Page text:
Brilliant. We could use patterns instead of photos if we like – this is almost both.

Commodore CBM

Commodore CBM

"Cutting Edge Technology, 1981" by Superbomba

Could I pass this off as me?

Girl coder!

Girl coder!

Original by Dave & Bry

Older still, maybe a bit obvious.

Then I started looking for trash – I love photography of pretty much anything abandoned or broken. Flickr has a great pool of Abandoned Swimming pools.

Mac and Toaster

Mac and Toaster

"Macintosh Plus + Toaster" by Eric__I_E

They belong together!

Abandoned Monitors

Abandoned Monitors

"Four Toxic Computer Monitors" by Tonx

Possibly the strongest contender. Looks like they’re their holding cables ready to cross the road. Not too overly techy either?

What do you think?

Suggestions/recommendations/votes welcome – need to decide before Friday!

Yesterday, I wrote a ‘how to’ on installing and running multiple versions and concurrent instances of Firefox on Windows XP.

But what about the other browser choices? After all, my original intention was a to develope a versatile testing environment, specifically for cross-browser, cross-platform intended web sites.

Surprisingly, running multiple versions of the other major browsers isn’t as complicated as the Firefox process.

Opera, for example, gives you the option whether to install the set-up as an upgrade or separately, straight out of the box. They offer alternate releases of the current version on their site (9.62 at the time of writing) and have a publicly available archive that goes back to version 3.21 for any old release candidates you need to test.

If you want to run multiple versions of Internet Explorer, you can alter various system and user profile settings in a similar way to my method with Firefox, but it’s far easier to take advantage of the many ‘standalone’ versions you can find online. These are generally third-party, non-Microsoft developments.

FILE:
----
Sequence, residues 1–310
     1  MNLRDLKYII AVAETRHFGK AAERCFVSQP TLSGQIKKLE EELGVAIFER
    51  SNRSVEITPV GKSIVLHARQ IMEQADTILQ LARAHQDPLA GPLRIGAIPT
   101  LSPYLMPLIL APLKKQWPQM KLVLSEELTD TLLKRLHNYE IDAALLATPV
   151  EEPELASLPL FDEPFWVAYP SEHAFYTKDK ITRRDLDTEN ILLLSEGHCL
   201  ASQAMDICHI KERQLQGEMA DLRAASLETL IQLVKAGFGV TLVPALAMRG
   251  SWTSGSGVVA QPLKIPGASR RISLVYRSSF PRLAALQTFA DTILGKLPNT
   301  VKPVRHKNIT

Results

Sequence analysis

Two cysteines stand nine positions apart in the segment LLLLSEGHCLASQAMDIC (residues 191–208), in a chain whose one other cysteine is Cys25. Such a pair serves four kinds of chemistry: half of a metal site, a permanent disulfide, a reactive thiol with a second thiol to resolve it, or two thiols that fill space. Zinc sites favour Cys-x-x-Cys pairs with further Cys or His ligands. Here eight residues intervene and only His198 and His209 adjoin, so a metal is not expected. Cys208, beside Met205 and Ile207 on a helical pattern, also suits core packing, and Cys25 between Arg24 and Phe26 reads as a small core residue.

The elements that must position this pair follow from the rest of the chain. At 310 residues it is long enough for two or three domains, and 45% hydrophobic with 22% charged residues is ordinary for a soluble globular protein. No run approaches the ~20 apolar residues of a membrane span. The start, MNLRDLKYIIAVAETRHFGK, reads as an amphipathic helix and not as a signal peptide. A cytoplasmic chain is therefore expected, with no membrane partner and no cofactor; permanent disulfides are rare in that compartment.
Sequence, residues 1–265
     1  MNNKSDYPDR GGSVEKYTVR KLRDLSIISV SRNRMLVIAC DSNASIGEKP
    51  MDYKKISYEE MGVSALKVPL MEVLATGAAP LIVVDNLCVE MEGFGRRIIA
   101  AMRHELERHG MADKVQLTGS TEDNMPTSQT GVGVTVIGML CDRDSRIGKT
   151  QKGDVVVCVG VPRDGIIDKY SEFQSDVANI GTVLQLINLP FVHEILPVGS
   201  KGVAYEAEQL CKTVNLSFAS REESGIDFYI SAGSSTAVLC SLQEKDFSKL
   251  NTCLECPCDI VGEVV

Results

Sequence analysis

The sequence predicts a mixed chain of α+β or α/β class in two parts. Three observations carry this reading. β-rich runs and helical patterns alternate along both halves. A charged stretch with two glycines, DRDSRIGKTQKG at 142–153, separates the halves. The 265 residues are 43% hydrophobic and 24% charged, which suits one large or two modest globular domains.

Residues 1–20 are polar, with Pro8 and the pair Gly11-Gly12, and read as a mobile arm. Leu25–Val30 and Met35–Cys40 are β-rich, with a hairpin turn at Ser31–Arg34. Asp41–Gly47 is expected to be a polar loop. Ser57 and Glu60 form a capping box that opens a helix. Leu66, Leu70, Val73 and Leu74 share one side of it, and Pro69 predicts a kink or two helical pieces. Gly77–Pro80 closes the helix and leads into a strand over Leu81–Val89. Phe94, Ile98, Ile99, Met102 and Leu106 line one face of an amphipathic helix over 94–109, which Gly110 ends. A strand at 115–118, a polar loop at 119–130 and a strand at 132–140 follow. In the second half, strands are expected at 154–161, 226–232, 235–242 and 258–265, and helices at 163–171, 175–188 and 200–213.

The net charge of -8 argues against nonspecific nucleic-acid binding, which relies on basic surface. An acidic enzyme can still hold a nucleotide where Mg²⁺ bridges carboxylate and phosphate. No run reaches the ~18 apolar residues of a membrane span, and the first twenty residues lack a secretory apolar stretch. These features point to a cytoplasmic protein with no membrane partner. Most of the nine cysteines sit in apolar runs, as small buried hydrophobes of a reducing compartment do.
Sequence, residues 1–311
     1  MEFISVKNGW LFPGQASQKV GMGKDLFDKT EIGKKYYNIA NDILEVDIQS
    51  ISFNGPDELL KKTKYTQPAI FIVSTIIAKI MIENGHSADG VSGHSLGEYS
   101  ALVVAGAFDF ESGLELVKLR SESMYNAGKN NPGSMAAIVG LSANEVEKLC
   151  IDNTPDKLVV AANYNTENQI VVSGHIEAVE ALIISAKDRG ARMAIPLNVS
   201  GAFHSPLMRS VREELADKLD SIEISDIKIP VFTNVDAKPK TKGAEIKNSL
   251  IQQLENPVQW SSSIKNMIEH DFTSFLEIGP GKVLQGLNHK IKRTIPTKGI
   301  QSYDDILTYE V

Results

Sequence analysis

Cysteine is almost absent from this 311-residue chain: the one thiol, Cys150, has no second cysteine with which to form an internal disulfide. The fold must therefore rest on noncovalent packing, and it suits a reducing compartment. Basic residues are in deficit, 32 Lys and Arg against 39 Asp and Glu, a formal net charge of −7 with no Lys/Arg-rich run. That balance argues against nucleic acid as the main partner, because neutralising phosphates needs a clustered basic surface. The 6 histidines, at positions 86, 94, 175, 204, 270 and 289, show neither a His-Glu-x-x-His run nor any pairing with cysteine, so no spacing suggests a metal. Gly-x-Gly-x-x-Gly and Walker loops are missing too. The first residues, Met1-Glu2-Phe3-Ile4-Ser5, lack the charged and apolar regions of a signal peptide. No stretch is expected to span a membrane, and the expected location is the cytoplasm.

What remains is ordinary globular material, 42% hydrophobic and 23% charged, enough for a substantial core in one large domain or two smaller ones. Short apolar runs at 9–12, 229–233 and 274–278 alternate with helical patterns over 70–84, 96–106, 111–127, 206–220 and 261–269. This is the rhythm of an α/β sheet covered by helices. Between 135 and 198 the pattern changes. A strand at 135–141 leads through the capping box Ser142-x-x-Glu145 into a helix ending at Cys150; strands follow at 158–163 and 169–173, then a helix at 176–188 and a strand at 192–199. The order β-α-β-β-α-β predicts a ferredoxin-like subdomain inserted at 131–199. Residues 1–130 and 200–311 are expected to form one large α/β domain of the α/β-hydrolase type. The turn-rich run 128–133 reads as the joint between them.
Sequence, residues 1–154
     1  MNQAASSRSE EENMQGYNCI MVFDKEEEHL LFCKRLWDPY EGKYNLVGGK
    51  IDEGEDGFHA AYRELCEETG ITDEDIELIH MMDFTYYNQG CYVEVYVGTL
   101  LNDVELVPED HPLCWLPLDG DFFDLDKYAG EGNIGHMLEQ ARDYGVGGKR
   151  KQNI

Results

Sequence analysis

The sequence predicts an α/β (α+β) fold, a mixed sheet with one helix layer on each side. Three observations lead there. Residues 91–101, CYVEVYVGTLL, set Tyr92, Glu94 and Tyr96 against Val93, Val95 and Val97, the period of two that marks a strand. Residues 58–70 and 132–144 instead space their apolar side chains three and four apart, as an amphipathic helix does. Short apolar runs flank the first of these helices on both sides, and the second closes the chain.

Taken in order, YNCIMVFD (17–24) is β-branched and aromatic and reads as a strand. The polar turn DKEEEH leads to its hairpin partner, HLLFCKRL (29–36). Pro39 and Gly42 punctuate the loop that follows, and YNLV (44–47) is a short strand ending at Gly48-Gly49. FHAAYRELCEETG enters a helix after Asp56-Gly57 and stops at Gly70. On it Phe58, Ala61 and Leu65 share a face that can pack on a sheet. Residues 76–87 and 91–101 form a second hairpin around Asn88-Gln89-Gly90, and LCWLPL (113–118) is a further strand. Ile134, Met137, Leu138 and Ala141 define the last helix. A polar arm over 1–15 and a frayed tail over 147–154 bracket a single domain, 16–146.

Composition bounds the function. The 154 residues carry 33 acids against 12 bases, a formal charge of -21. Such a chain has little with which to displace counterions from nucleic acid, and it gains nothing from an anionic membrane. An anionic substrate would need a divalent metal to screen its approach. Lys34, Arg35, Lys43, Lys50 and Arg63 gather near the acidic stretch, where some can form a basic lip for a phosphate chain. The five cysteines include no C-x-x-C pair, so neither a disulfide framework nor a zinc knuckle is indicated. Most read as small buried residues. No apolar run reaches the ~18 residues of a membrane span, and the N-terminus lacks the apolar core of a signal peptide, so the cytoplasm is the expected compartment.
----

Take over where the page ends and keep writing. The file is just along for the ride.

TredoSoft have collated standalone versions of Internet Explorer from 3 up to 6, ready to install from a single set-up – it’s called Multiple IE.

It’s brilliant to see IE3, I decided I’d use it as my default browser for a day – loved seeing the frantic alerts about some alien idea called a ‘cookie’ and whether I wanted to risk accepting it onto my computer.

NB: If you’re concerned about what’s being installed when you use Multiple IE, you can do it all yourself with the instructions on Manfred Staudinger’s Multiple IE page.

There’s standalone applications for other browsers too. I only use Windows nowadays, but I’ve recently found Michel Fortin’s standalone versions of Safari – he’s even numbered the icons for your dock (via). That page also links to instructions on running multiple versions of Firefox for Mac.

As for testing Linux system – and this goes beyond HTML and CSS debugging, I use VMware Player from VMware. Not only because when I’ve been developing server-side applications, I’ve not wanted to bother installing those on my home computer base – because it can be tricky, time-consuming, potentially damaging if things go wrong, etc etc and I tend to use Linux-based system for deployment anyway – but because appliances are so damn handy.

Virtual appliances run within a virtual machine like VMware Player as self-contained, packaged software. They can be created and restored as system images, so if something goes wrong – it’s so easy to turn back, with no risk to whatever personal data you might have on your computer as you would installing software as services on the base.

More than that, they’re readily available. VMware has an Appliance Marketplace, with over 900 ready-to-go appliances and a simple, central repository to develop or distribute your own.

There’s popular Linux distributions, various Red Hat, Ubuntu, Fedora – all pretty clean, the basic install, but also some interesting others.

I particularly like the Web Developer appliance, specifically designed to safely test and fine tune web apps. Based on Ubuntu, the creator has consciously included some trendy applications that are gathering more attention, like Ruby on Rails. On top of the expected with Apache, PHP and MySQL, you get a a handful of browsers, various database and debugging tools, code and graphics editors, all as standard, all configured and running – great way to get started.

I took a wrong turn and I just kept going.